A Venture into the Absurd

-A cage went in search for a bird. Franz Kafka- Picture by
by Erin Greenough

Hello everyone!

After a recent discussion I had regarding variations of taste, I wanted to further broaden the scope of poetic variations I post on this blog. I want to introduce you to my recent poetic experimentation: absurdist poetry. Before randomly throwing bits and pieces of poetry at you, I would like to premise my interest with what led me to venture into this new “form”. So here is some boring trivia. Enjoy!

-The absurd, the undefinable, the unreasonable the illogical and the inappropriate. –

The absurdity represented in a variety of works has always intrigued me, but I never realized it. Long before becoming a literature student, I found myself dabbling with the concepts of the absurd. It’s just intriguing, don’t you think? This all got enhanced when a very dear friend of mine suggested me to read Murakami; a writer who could be labeled Kafkaesque. So to prepare myself for this read I wanted to engage with the concept of Kafkaesque. I wanted to be able to recognize artistic patterns and dissect them (at least in theory; many of Kafka’s work have a plethora of possible interpretations).

I recall fond memories of reading “Gesammelte Werke” from Kafka or different works of Camus which, in all fairness, made me wonder what in the heck anyone could mean with writing such works. So I undertook some research in these specific fields to find out what made me, in essence, “wonder”. Besides the literary theory, which I will not bore you with, I had some personal experiences throughout the many works I have read from different absurd(ist) authors.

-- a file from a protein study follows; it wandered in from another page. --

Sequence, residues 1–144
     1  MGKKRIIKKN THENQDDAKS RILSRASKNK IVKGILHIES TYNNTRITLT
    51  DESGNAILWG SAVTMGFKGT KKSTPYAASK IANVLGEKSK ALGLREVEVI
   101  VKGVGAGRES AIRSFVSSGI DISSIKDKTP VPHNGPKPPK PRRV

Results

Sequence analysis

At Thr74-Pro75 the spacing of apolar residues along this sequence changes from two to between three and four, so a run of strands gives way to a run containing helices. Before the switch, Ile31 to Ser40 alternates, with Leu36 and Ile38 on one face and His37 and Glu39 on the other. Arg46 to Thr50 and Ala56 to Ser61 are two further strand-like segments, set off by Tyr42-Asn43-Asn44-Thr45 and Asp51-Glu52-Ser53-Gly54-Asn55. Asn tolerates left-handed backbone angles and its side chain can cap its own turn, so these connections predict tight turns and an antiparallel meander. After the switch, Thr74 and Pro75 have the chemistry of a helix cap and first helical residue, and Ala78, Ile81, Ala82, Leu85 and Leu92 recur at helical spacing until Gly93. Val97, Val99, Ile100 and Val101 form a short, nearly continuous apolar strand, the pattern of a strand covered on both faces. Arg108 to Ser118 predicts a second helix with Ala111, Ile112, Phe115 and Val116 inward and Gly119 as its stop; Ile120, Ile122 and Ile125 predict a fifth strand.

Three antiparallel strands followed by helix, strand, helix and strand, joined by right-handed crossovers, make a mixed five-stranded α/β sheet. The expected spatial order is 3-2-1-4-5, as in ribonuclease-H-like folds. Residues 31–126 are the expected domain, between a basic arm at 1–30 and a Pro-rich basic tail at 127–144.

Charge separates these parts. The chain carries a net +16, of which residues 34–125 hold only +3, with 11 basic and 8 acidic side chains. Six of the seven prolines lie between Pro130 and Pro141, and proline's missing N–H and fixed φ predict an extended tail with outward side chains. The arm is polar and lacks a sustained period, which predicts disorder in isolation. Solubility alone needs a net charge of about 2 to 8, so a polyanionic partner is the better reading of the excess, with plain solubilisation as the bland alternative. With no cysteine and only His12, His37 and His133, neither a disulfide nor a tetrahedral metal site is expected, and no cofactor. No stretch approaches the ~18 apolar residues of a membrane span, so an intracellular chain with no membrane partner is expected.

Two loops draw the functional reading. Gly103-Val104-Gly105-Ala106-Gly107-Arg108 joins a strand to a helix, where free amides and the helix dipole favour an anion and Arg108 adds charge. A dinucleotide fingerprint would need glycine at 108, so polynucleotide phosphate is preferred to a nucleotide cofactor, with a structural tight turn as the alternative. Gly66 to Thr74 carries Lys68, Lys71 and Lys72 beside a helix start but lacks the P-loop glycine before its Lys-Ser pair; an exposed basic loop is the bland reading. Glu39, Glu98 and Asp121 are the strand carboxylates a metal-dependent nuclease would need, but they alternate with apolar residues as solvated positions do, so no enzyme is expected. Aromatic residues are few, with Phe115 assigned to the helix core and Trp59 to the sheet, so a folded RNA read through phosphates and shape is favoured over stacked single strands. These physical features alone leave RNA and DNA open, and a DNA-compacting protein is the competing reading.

So, to circle back to the book suggestion and to elaborate on my personal interest in this specific literary field, I would like to comment on one aspect of my literary voyage I encountered whilst reading Murakami.

Murakami struck me as beautiful yet daring, and if you ever finished one of his works you probably understand me to an extent. The vivid imagery he created throughout the novel makes you wonder. And this exact feeling of making you wonder is, for me, the magic behind such literature. “But why wonder?”, you may ask. And what do you even mean with wonder? Well, it is the effect the work has after turning over the last page. I had an odd feeling when I finished Spoutnik Sweetheat, it just bothered me. I wanted to throw the book against the wall, reread it, marry it, and set it on fire. In that specific order.

The book raised more questions than it answered whilst being a beautiful work of art. At times it would construct a dreadful setting in such a subtle and elegant just to leave you questioning a million things the next moment. Some metaphors were so beautifully constructed, yet so agonizing to read that I literally had to take a break while reading. (I do not want to write a literary analysis here but… if you read the ferris wheel scene you probably agree with me at least on one aspect.)

Whilst, I did my fair share of literary theory in this genre, I still felt intrigued. This expression and sensation is something that motivated me to write different kinds of poetry. I wanted to at least try something new, which is important to me as a writer. I should challenge myself to further broaden my scope and skillset. (I will go over my “existentialist novels” influence in a different post. I intend to have a series of what I ought to call “absurdist” poetry.)

So tell me if you like or dislike these kinds of poem. Here is one of my personal favorites:

Bucket


It drips into the bucket
It drips into me
It stays empty
Empty


Gambler

All on black
All on red
All on red
All on red
til there is nothing left



To round it off, I will post a metaphor which I found in my book. I do believe that this is an original but I am not certain. (I hope so atleast). This might be an interesting and different approach to the Kafka quote.

Rats raised in bird cages mistake feathers for snow.

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